They’re in separate troops, but make no mistake: Charlotte and Alex Beatson are on this Scouting journey together.
They’ve worked on merit badges together, were inducted into the Order of the Arrow at the same time, and have even attended some of the same camporees and service projects.
“It is full of friendly competition,” says Charlotte, a 15-year-old Star Scout from Troop 114G. “This drives us to work our hardest and enjoy all we can learn.”
Alex, a 12-year-old Life Scout from Troop 361, agrees.
“It’s been fun to work on some merit badges together,” he says. “It’s been cool to see my sister finally get to do and be recognized for the things I have been doing in Scouting for years.”
Families like the Beatsons out of Littleton, Colo., illustrate why the BSA made the move to welcome girls into Scouting at all levels. Families want incredible experiences for their kids. And that’s exactly what Charlotte and Alex’s dad, Anselm, has seen so far.
“The principles and values of Scouting transcend all gender and social barriers,” he says. “It has been rewarding to watch both my son and my daughter develop the same sense of social responsibility and community involvement working off of the same equal platform and foundation.”
I wanted to know more about Charlotte and Alex’s Scouting journey so far, so I caught up with the Denver Area Council Scouts to learn more.
‘It started by chance’
Alex joined Scouting in first grade, thanks, in part, to luck.
It just so happened that Anselm saw a Cub Scout recruiting table at his son’s school. Intrigued, the dad asked a few questions and signed his son up. Anselm liked Scouting’s values, and Alex liked that he’d get to “camp, hike and just be outside.” As often happens, it wasn’t long before Anselm was asked to serve as a pack volunteer.
“The fun and challenges have only grown over time,” Anselm says.
Charlotte, who is three years older than Alex, was on the sidelines throughout her brother’s Cub Scout journey. But she was hardly a spectator.
She built her own Pinewood Derby car, toured the fire station and helped her little brother with fundraising projects.
“Together, we sold a lot of popcorn,” Charlotte says.
Soon after Alex joined what was then called Boy Scouts, Charlotte learned that girls would be invited to join the newly named program Scouts BSA.
“I got very excited and immediately recruited a few high school friends — some of whom also had brothers in Boy Scouts,” she says. “On Feb. 1, the very first day girls could join BSA, I helped found my own troop.”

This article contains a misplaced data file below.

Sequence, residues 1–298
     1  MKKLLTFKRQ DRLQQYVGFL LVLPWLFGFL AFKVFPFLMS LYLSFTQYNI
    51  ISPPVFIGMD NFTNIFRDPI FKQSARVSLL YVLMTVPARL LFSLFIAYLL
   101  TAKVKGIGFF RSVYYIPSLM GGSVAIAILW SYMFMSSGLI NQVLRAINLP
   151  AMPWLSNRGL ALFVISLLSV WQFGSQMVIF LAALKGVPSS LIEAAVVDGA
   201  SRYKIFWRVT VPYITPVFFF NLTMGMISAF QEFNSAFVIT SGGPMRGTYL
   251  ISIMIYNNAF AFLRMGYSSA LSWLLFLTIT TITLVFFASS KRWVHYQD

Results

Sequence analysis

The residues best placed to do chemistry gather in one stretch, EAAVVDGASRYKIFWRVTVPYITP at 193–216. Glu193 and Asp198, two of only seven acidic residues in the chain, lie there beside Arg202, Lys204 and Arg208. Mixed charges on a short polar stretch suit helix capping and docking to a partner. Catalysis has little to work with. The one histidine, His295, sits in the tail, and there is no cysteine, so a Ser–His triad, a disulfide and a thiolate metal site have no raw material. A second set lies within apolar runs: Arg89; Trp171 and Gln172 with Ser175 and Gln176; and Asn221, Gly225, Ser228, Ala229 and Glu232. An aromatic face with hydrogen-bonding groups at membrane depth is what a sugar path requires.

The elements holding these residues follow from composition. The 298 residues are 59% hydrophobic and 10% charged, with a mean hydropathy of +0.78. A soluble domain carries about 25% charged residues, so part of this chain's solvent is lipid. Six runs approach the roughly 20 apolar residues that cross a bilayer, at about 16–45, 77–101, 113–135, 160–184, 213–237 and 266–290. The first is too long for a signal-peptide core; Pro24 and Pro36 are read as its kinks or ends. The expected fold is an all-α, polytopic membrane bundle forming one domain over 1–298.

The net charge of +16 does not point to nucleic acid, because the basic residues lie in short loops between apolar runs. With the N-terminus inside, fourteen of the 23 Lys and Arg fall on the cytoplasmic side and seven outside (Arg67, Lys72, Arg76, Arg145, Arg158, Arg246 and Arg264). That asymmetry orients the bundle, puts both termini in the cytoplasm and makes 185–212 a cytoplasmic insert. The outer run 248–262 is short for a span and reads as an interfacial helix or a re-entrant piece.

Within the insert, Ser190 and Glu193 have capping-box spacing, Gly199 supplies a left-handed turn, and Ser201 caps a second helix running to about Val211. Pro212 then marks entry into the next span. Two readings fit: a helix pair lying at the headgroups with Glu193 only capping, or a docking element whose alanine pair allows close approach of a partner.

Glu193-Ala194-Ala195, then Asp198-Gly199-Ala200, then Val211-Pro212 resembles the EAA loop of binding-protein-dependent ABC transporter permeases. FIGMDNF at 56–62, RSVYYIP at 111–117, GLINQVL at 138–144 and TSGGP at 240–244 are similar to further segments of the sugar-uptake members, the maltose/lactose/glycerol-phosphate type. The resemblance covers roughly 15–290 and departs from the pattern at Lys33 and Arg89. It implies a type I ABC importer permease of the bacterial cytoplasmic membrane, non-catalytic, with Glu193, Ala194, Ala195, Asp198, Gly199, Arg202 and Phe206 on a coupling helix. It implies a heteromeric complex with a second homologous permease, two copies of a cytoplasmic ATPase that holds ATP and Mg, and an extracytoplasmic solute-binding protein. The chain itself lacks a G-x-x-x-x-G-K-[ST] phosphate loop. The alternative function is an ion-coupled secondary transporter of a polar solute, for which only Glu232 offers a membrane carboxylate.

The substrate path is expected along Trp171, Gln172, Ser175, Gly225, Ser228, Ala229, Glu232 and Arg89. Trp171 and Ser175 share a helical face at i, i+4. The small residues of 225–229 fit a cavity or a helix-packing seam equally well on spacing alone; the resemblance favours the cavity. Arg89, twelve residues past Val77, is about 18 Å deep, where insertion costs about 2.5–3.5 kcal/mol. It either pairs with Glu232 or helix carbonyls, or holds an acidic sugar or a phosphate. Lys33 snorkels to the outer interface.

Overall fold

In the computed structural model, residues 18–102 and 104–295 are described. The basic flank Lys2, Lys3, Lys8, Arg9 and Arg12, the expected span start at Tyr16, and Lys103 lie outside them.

Alex and Charlotte’s 2019 was packed with Scouting adventures.
In May, Charlotte was elected senior patrol leader of Troop 114G.
“I was surprised about how much leadership I was given,” she says. “The young Scouts really looked up to me. It makes me proud to be someone they look up to.”
In June, Charlotte earned the First Class rank and attended National Youth Leadership Training, or NYLT.
In August, Charlotte and Alex took a family backpacking trip to hike Machu Picchu. (That’s the awesome picture at the top of this post.)
In September, they had the rare thrill of being siblings inducted into the Order of the Arrow at the same time.
And in November, they each completed their 21st merit badge, fulfilling a key requirement on the journey to the Eagle Scout rank, the highest honor in Scouts BSA.
“My favorite was Camping [merit badge],” Charlotte says. “I really love going on campouts. I have the opportunity to learn, lead and gain experience. I have so much fun singing campfire songs and hanging out with my new friends.”
About that magazine
When I saw what Alex was holding in that Machu Picchu photo — a copy of Boys’ Life magazine — I had to ask both Scouts what they liked about the official youth magazine of Scouting.
Charlotte says she likes “that it highlights regular Scouts doing extraordinary things. I love reading about people who have learned from Scouting and used it to help others.”
Alex’s answer was more succinct but just as excellent: “I like to read about other Scouts doing fun stuff.”
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